Breaking News Bar
updated: 7/31/2013 8:20 AM

Designer set the ambience for Alexian hospitals

hello
Success - Article sent! close
  • Brother Valentino Bianco directs the unveiling of a historical exhibit at Alexian Brothers Medical Center in Elk Grove Village in March 2011.

       Brother Valentino Bianco directs the unveiling of a historical exhibit at Alexian Brothers Medical Center in Elk Grove Village in March 2011.
    Bill Zars | Staff Photographer March 2011

 
By Eileen O. Daday
Daily Herald Correspondent

One of the Alexian Brothers, who served more than 25 years at Alexian Brothers Medical Center in Elk Grove Village and held the longest continuing tenure of any brother in the hospital's history, died Monday.

Brother Valentino Bianco had suffered a stroke last year and left the hospital, which bears his imprint. He passed away at a skilled nursing facility run by the Alexian Brothers in St. Louis. He was 89.

Order Reprint Print Article
 
Interested in reusing this article?
Custom reprints are a powerful and strategic way to share your article with customers, employees and prospects.
The YGS Group provides digital and printed reprint services for Daily Herald. Complete the form to the right and a reprint consultant will contact you to discuss how you can reuse this article.
Need more information about reprints? Visit our Reprints Section for more details.

Contact information ( * required )

Success - request sent close

John Werrbach, president and CEO of Alexian Brothers Medical Center, announced his passing to hospital employees on Monday, pointing to Valentino's many accomplishments, both as a registered nurse and administrator, as well as a designer.

"Brother Val defined what our ambience was," Werrbach said. "He transformed the appearance of many sections of Alexian Brothers, bringing a sense of light and healing to the hospital."

Valentino grew up in a large family in Conneaut, Ohio. When he entered the Alexian Brothers, he was the youngest postulant ever accepted, hospital officials say.

He attended the Alexian Brothers' School of Nursing, and spent the first part of his career as a nurse, setting up the traction, central sterile supply, and orthopedic departments at Alexian Brothers hospitals in St. Louis, San Jose and Elizabeth, N.J.

By the early 1970s, the religious community recognized his artistic talent, and energy, and he was awarded responsibility for the interior design for Alexian Brothers facilities across the nation.

At each one, he personally selected paint colors, art work and religious icons, but he also created some of their iconic symbols from his art studio, located in the lower level of Alexian Brothers Medical Center.

Colleagues point to the "Modern Samaritan" stained-glass window at Alexian Rehabilitation Hospital in Elk Grove Village and the stained-glass windows at St. Alexius Medical Center as some of his work.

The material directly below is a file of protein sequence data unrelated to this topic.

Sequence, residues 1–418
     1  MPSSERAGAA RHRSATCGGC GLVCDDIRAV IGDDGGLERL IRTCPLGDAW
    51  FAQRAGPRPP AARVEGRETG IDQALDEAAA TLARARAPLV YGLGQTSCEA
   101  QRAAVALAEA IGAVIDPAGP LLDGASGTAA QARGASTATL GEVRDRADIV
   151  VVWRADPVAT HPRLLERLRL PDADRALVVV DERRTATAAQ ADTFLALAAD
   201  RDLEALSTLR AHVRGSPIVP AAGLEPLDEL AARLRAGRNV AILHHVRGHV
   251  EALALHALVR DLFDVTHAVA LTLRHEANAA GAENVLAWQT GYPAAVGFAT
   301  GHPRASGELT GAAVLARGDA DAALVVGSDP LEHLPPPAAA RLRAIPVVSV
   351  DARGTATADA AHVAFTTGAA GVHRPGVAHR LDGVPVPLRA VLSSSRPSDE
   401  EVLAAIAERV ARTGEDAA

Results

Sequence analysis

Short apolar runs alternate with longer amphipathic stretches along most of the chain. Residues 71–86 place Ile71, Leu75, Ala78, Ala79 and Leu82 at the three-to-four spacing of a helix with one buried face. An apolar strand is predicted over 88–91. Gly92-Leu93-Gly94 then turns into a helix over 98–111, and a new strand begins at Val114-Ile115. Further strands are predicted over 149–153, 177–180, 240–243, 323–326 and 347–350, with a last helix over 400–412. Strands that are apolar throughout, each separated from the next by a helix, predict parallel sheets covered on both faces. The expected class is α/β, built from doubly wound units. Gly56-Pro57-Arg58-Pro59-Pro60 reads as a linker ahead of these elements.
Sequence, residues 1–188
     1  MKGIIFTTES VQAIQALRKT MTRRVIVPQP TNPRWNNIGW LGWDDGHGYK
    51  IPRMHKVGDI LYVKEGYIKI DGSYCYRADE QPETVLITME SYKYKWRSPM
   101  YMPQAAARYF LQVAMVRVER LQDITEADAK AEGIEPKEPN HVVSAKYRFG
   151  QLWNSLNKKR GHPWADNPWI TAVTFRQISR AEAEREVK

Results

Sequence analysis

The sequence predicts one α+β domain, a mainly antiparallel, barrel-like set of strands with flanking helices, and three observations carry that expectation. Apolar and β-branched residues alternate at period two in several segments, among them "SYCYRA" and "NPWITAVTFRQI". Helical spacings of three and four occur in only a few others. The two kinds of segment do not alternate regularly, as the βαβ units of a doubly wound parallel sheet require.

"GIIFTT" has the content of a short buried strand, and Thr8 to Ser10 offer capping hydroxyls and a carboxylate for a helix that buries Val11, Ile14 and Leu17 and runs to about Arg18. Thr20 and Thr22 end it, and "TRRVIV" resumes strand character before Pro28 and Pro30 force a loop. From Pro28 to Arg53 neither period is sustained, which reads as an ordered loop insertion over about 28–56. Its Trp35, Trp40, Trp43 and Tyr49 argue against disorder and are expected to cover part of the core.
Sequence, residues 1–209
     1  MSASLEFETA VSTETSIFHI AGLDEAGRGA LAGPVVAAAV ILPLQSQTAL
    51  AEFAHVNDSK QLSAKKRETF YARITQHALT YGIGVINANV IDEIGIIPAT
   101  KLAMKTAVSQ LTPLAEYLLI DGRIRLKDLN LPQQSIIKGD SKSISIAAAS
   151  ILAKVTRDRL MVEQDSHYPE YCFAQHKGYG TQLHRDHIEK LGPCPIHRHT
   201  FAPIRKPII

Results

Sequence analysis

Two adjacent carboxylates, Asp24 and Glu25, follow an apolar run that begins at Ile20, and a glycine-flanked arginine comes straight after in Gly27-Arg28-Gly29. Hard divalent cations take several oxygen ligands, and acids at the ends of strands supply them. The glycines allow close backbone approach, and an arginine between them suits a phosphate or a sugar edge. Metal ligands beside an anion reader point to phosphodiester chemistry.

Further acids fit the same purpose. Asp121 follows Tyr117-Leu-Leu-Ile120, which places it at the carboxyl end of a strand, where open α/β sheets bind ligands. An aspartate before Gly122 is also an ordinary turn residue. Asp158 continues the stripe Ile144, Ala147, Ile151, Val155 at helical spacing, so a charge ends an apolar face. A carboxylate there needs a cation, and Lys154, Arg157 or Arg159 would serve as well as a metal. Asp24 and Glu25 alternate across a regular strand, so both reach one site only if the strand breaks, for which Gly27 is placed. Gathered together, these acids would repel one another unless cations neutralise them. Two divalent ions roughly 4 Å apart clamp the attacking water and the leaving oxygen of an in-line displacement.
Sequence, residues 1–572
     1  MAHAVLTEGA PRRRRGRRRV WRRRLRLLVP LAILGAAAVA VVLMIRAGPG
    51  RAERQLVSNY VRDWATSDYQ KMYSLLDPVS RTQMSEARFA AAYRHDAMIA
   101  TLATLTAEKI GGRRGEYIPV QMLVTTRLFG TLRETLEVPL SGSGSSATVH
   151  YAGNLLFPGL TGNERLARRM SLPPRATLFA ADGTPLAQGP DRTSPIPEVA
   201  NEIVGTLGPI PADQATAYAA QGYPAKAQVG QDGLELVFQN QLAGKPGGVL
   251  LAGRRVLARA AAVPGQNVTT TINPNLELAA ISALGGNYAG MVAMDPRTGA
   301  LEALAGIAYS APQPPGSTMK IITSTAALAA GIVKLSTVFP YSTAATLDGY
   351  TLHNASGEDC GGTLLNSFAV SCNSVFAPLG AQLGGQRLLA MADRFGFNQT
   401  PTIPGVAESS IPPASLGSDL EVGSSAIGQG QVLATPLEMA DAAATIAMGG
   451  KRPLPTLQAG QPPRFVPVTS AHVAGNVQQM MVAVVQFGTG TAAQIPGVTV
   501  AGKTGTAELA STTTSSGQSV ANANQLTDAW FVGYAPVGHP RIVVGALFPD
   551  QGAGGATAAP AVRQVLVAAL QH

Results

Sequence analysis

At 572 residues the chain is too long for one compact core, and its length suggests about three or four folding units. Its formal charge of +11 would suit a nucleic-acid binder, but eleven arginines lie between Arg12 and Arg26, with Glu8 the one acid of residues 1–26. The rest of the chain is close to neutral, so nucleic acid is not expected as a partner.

His last project, the Heritage Wall that remains on display at Alexian Brothers Medical Center, and was inspired by Valentino's drawings, tells of the 800-year history of the religious congregation in the United States.

His designs also drove the artistic side of the Alexian Brothers' charity ball -- including its invitation, flowers and specialty dessert -- that began in 1987 and over the years has raised more than $6 million for Alexian Brothers' critical programs.

"That was his passion, designing the theme each year," says Joan Scheffler, assistant vice president for the Alexian Brothers Foundation. "He'd start planning the next year's one, even before the ball took place. That's how much he loved it."

At the 25th annual ball, which took place on Navy Pier and drew more than 700 guests, organizers honored Valentino for his contributions to the success of the event, which over the years has featured such entertainers as Bob Hope and Jay Leno.

Guests gave Valentino a standing ovation, Scheffler says, but it's the quiet side of the religious brother that will remain his legacy.

"He was never too busy to visit a patient," Scheffler says. "He had such a caring way, offering words and comfort at the bed side that really touched people."

Werrbach concurs, adding that his loss was felt across the health care system.

"He started every day at dawn and could be seen throughout the facility well into the evening, seven days a week," Werrbach said. "His gifts to us will forever be remembered and cherished."

Services are pending.

Share this page
Comments ()
Guidelines: Keep it civil and on topic; no profanity, vulgarity, slurs or personal attacks. People who harass others or joke about tragedies will be blocked. If a comment violates these standards or our terms of service, click the X in the upper right corner of the comment box. To find our more, read our FAQ.
    help here